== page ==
> Part of that social dynamic will be the use of imagination and so pretence
> and include 'local' universals ('memes') that can seed our behaviours and so
> force tighter integration with the local context.
> At the level of the neurology, instincts/habits are encoded into the input
> areas of our neurology and so conserve energy by allowing context to 'push'
> us. At the level of cognition/psychology local 'instincts/habits' can do the
> same thing except that a change in context can replace these locals with
> alternatives for a different context.
> Included in the social will be mimicry of actions that are seen to be
> 'beneficial' but there in no understanding of the content/intent - just the
> understanding of 'wave hands like this and that bus stops and I can get on'.
> Finer details then focus on the requirement to signal the driver if you want
> to stop the bus but that level of detail can come later (or even not at all!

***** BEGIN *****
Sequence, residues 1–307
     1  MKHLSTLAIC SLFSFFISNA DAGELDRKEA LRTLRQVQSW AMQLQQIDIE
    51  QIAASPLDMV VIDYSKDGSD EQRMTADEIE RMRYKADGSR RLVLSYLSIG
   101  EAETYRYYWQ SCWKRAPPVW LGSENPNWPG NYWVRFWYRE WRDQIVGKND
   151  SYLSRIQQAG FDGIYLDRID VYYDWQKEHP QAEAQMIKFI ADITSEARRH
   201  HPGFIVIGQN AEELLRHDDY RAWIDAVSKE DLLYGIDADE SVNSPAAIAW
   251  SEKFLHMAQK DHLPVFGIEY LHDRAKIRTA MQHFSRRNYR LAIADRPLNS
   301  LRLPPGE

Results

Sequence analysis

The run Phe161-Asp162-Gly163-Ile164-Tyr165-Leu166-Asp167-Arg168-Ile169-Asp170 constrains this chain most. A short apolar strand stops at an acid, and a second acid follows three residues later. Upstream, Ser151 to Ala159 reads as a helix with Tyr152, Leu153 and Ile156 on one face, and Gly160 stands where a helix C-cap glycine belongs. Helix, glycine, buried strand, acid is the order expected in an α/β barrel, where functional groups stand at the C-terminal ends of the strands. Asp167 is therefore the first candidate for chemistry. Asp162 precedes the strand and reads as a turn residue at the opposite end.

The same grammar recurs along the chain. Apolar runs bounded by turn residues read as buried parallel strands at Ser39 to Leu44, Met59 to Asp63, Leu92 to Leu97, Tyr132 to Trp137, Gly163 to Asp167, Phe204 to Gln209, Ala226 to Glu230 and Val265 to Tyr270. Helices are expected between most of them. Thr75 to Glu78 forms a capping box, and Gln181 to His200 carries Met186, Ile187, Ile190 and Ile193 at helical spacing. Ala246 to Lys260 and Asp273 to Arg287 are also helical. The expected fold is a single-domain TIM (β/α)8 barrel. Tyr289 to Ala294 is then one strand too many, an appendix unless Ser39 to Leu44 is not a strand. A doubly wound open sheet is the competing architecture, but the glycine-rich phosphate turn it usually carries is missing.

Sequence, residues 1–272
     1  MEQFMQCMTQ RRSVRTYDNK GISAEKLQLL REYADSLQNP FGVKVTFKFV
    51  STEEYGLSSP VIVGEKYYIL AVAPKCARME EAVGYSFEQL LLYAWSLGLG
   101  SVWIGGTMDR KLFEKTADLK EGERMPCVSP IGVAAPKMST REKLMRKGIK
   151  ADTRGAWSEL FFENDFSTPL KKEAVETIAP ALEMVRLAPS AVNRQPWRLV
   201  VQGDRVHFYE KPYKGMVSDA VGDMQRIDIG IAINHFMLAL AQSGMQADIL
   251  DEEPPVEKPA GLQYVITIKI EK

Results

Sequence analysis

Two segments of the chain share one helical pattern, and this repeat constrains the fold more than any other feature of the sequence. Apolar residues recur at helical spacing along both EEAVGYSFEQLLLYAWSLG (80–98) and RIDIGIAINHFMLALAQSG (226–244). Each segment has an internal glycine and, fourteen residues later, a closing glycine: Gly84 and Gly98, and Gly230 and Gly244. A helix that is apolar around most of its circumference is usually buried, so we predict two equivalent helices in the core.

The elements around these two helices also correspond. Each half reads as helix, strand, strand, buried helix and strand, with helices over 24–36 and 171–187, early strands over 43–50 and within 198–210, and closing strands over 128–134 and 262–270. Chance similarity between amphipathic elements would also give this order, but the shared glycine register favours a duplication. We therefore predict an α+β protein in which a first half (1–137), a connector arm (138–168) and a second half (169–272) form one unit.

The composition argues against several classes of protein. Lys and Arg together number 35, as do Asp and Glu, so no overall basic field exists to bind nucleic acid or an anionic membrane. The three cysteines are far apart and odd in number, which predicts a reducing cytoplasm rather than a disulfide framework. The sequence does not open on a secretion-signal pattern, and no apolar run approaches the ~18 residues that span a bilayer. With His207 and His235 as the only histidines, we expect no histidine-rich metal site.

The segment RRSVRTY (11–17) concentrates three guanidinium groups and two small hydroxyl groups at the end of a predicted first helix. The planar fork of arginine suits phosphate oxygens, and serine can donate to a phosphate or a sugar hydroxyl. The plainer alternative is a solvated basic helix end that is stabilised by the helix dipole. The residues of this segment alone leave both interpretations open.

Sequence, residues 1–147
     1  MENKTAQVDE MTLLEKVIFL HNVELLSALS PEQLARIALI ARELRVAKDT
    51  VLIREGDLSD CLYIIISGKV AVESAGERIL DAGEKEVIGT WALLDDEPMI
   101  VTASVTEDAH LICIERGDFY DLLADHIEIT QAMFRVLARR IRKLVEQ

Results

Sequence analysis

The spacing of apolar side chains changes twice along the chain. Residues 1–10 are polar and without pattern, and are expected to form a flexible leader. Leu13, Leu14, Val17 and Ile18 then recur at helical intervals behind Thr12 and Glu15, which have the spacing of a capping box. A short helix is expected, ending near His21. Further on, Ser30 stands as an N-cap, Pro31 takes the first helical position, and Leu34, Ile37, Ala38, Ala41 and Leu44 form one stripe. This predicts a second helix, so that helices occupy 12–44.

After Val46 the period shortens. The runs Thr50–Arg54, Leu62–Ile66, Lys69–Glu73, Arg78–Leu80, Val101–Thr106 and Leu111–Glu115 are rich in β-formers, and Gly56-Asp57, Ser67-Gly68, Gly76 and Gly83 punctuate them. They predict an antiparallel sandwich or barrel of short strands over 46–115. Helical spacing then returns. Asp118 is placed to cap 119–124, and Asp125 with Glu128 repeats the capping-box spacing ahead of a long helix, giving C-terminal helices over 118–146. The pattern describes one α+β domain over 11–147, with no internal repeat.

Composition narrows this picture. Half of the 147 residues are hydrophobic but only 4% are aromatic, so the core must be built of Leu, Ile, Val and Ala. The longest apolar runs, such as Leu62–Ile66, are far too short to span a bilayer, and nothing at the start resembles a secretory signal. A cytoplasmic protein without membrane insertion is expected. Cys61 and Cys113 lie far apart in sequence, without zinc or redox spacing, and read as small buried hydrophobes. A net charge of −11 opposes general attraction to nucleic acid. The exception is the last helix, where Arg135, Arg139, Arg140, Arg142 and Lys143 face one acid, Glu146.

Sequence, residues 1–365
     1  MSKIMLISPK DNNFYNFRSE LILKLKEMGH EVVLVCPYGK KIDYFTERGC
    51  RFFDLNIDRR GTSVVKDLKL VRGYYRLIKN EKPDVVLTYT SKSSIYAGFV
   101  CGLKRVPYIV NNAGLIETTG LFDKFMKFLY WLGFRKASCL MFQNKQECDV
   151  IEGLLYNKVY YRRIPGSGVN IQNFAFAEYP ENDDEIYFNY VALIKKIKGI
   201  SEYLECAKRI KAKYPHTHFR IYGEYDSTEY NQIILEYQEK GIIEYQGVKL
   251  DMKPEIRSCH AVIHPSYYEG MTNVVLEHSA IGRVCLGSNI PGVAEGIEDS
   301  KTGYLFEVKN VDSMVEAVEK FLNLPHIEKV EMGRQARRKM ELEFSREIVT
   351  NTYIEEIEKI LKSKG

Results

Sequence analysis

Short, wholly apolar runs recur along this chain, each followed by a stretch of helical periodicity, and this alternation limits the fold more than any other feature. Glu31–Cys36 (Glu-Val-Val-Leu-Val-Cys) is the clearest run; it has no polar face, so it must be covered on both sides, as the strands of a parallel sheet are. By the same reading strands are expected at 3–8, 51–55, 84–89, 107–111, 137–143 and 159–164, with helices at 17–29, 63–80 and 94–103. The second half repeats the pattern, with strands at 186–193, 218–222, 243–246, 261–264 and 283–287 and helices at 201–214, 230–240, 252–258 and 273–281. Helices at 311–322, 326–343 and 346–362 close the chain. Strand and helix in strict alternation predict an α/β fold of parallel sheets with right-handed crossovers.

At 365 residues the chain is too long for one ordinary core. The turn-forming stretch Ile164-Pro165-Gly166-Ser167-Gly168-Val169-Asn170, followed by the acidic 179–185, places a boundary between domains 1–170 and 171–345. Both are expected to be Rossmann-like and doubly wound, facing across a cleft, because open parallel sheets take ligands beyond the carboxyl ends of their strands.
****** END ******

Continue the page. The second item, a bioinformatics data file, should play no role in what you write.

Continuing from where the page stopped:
> "I don't know man, I just wave my hands and it like stops!")
> The GENERAL 'meme' of 'reflection', of 'mirroring', is exploited at the
> particular level such as in show business where it covers vanity, narcissism
> etc It covers the actions of some 'star' or 'king' where they pick their
> nose in some unusual way and others around them copy it anticipating that it
> is in some way 'special' where as the truth of the matter the king's arm
> went to sleep and so the action to suddenly pick his nose was 'extreme'! -
> Due to his position, no one dare question the reason, they assume it is of